It was as if the nurse heavens parted and I saw the light!
Here’s the thing.
While the NCLEX® and nursing school did a great job of introducing neuro concepts and theory, there is so much more to know to safely care for neuro patients. It also prepares you for “perfect world” nursing, not the real world nursing you’re going to work in.
So what other neuro resources are out there?
There are text books, research articles, and professional nursing organization… but that information is far too technical. You need something to help you at the bedside now.
Nothing too broad, and nothing so detailed and highly technical that you can’t make sense of it. It’s crucial to break all of these really complex concepts down into terms that make sense for you - the bedside nurse new to neuro.
This is especially important because it will enable you to educate patients and loved ones better, while helping you know what to look out for in terms of complications and warning signs all while managing your time safely and efficiently.
And let’s be honest.
Being a nurse is tough. There is so much to know and it is constantly evolving.
This is especially true for newly licensed nurses.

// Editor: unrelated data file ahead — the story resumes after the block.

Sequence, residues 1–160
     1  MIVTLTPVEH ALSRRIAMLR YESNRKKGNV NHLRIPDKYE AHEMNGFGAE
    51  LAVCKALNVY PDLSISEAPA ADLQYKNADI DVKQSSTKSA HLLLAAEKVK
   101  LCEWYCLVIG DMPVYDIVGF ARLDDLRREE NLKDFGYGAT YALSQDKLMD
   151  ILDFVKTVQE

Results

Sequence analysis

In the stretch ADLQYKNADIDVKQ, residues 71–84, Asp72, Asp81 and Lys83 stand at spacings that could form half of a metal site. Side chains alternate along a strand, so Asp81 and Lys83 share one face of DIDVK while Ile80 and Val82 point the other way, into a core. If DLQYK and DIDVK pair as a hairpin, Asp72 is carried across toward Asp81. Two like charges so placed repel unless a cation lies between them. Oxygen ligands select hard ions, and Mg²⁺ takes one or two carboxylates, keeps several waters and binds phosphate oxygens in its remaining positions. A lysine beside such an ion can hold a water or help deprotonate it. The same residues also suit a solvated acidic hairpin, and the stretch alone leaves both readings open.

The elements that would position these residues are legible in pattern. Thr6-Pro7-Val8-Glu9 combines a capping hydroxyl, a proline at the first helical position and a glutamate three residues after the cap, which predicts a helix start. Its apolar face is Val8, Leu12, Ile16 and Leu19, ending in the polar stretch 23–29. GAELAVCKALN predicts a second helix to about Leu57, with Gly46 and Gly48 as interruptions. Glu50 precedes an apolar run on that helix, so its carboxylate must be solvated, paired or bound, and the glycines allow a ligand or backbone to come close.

While many of us know how to keep patients safe, a lot of us don’t know the why behind our actions for some time into our job. We are so focused on getting things done, staying caught up, and keeping patients safe that we don’t have time to ask specifically how mannitol reduce cerebral edema, why patients with a temporal lobe stroke have a high risk for seizure activity, or why the neurosurgeon always asks what the sodium level was.
We just give the mannitol… give the Keppra… and tell him or her the latest sodium level.
Only until we get into a groove can we even think about diving into the why behind things.
Sure, we passed a test or maybe even worked in another nursing unit, but just because we get hired into neuro and sit through some classes or pass some mandatory education tests doesn’t mean we get it. There’s so much pressure in those classes to say the right thing so can make sure you save face.
But… what if we didn’t have to wait until months after beginning our orientation to really get our minds around important information?
What if you could start your neuro job with a practical knowledge of neuro anatomy and disease processes so you could focus on learning the intricacies of your unit?